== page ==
Sun Trio: Helsinki, Finland, May 22, 2012

Anthony Shaw By

Sign in to view read count
Sun Trio
Laulumiehet Restaurant
Helsinki, Finland
May 22, 2012

We never really listen to music with only our ears; even in a dark room, lying back with headphones, our mind fills with images, sensations and other paraphernalia. Similarly, seeing Sun Trio perform in the hallowed surroundings of Helsinki's Laulumiehet Restaurant, it was impossible to disassociate the three young Finnish musicians from the oil paintings of illustrious musicians whose images hang on the wood-paneled walls all around the artists and the audience.

All three are heavily committed professionals, recognized around northern Europe and beyond as artists at the tops of their individual trees. In this sense it made complete sense to witness them in the visual company of the cream of Finland's musical forefathers: Väinö Rautawaara, Aarre Merikanto and of course Jean Sibelius. Some might say the two Louhivuori brothers, trumpeter Kalevi and drummer Olavi, were destined for such heights, sons of a music professor and his violinist wife, and raised in a household where each sibling played an instrument. However, this project only took real root when Olavi's former band mate, Antti Lötjönen from the Ilmiliekki Quartet, joined to anchor the occasionally ephemeral brothers with his rock-solid but dexterous bass lines.

With its second CD, Dreams Are True (Kepach Music), just released at the end of 2011, Sun Trio's evening show featured tunes mainly from this as well as the previous album, Time is Now (Cam Jazz, 2009). The set commenced with a solo trumpet improvisation, leading into a duo with both brothers, when Lötjönen joined with reverberant, sustained bass notes to complete the latest album's opener, "Subject for Silence." Most pieces were Kalevi Louhivuori's, except for a haunting cover of Rufus Wainwright's "Zebulon," on which the trumpet echoed around the theme that had already been established on a loop. After the initial solo work, the trio used very limited processing to evoke the depths and expanses of their vistas. The echoing or staccato trumpet tended to lead, but Olavi Louhivuori's exquisite and varied patterns rivaled his brother for attention. And who dares ignore such a bassman? The pleasure of this performance was in the variety of intensity and groove, let alone technique, that all three members utilized.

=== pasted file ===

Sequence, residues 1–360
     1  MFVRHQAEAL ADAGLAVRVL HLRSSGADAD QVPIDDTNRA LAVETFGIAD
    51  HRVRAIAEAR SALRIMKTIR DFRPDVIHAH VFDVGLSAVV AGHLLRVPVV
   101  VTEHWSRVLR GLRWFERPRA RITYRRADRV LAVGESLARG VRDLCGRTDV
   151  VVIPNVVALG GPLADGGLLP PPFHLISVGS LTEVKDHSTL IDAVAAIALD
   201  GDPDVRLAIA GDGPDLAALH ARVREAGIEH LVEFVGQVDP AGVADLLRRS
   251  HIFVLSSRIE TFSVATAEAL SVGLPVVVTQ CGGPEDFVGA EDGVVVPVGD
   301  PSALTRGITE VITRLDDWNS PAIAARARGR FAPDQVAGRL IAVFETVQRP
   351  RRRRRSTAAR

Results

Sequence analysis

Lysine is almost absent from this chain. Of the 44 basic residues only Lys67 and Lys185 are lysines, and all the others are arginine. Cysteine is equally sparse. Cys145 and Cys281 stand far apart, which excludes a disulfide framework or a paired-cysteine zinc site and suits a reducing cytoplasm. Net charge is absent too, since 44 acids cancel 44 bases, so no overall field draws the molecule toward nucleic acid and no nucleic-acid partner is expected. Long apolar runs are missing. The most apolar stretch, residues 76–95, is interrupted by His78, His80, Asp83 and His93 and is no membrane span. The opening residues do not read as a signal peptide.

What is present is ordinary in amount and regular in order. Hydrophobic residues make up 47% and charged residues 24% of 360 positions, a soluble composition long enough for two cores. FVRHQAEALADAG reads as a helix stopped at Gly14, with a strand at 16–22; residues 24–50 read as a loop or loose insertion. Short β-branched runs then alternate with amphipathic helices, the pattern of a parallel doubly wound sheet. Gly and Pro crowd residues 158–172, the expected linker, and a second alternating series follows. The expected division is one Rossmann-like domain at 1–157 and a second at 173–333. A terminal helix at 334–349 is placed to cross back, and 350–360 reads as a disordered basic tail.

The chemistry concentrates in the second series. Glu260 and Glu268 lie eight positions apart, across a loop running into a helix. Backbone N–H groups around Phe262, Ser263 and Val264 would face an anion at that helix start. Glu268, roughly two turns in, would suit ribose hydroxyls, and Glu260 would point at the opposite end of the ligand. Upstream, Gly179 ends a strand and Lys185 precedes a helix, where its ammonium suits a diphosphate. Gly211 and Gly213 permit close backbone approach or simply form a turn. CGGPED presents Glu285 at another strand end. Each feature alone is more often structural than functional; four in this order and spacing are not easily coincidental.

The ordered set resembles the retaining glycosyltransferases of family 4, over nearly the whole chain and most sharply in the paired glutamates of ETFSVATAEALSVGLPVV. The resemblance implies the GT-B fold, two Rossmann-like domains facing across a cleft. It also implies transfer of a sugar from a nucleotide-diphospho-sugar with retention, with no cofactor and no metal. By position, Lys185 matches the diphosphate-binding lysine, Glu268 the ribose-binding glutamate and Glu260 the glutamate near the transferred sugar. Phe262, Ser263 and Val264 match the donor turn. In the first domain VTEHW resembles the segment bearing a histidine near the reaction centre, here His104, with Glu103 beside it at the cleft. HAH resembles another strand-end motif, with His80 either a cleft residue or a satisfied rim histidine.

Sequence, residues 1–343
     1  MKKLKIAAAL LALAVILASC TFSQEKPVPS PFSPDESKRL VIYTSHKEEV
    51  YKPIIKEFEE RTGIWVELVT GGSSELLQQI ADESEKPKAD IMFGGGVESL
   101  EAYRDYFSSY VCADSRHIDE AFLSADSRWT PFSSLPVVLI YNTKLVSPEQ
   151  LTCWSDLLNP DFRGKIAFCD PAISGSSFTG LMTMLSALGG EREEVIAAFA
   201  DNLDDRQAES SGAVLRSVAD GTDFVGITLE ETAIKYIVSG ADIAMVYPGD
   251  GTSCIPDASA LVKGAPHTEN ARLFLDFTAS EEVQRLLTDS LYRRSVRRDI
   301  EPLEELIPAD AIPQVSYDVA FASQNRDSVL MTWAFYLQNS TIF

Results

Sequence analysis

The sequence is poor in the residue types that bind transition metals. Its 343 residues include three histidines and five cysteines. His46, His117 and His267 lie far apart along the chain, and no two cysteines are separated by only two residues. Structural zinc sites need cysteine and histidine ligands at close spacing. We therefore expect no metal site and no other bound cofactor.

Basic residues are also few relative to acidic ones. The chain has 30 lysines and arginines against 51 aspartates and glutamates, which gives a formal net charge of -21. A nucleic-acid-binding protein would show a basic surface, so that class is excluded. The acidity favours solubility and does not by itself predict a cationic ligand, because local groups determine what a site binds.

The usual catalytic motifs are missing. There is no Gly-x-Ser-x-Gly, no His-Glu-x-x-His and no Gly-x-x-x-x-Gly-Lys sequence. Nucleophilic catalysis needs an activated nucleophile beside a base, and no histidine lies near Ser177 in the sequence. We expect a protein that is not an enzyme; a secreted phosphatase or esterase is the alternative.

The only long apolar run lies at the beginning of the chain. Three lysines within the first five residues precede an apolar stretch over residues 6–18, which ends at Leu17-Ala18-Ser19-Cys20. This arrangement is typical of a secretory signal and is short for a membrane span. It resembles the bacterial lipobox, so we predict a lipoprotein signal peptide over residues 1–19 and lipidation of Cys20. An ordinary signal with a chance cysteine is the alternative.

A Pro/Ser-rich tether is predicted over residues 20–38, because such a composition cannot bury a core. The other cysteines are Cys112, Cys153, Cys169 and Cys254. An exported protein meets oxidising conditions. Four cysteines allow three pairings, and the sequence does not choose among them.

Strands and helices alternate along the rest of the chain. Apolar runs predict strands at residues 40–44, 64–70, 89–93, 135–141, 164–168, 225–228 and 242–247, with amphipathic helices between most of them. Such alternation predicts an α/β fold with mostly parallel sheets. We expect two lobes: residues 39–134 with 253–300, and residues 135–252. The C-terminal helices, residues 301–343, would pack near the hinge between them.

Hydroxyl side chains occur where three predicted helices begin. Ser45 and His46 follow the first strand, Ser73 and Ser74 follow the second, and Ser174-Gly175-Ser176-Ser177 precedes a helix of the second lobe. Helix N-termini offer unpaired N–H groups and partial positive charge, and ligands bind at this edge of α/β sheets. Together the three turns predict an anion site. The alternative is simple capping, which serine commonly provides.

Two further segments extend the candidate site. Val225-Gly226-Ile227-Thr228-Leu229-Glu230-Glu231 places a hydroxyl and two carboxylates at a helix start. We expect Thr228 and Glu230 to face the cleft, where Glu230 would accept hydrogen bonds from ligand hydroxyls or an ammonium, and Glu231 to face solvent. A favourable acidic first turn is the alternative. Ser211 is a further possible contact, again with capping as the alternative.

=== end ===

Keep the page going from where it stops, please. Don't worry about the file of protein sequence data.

With nearly 10 years' sporadic experience together, the space they inhabit can be expansive, and feelings intense, but the overall impression was of a band able to live out of each others' pockets, still excited by the process of pushing each other to the limits of their respective musicality.


More Articles

Read Panama Jazz Festival 2017 Live Reviews Panama Jazz Festival 2017
by Mark Holston
Published: February 21, 2017
Read Foundation of Funk at Cervantes Masterpiece Ballroom Live Reviews Foundation of Funk at Cervantes Masterpiece Ballroom
by Geoff Anderson
Published: February 20, 2017
Read The Cookers at Nighttown Live Reviews The Cookers at Nighttown
by C. Andrew Hovan
Published: February 16, 2017
Read Monty Alexander Trio at Longwood Gardens Live Reviews Monty Alexander Trio at Longwood Gardens
by Geno Thackara
Published: February 15, 2017
Read "Bray Jazz 2016" Live Reviews Bray Jazz 2016
by Ian Patterson
Published: May 10, 2016
Read "Ecuador Jazz 2016" Live Reviews Ecuador Jazz 2016
by Mark Holston
Published: March 11, 2016
Read "Michele Hendricks at Sunset Jazz Club" Live Reviews Michele Hendricks at Sunset Jazz Club
by Patricia Myers
Published: August 9, 2016
Read "Peter Murphy at (le) Poisson Rouge" Live Reviews Peter Murphy at (le) Poisson Rouge
by Mike Perciaccante
Published: May 1, 2016

Post a comment

comments powered by Disqus

Sponsor: ECM Records | BUY NOW  

Support our sponsor

Support All About Jazz's Future

We need your help and we have a deal. Contribute $20 and we'll hide the six Google ads that appear on every page for a full year!

Buy it!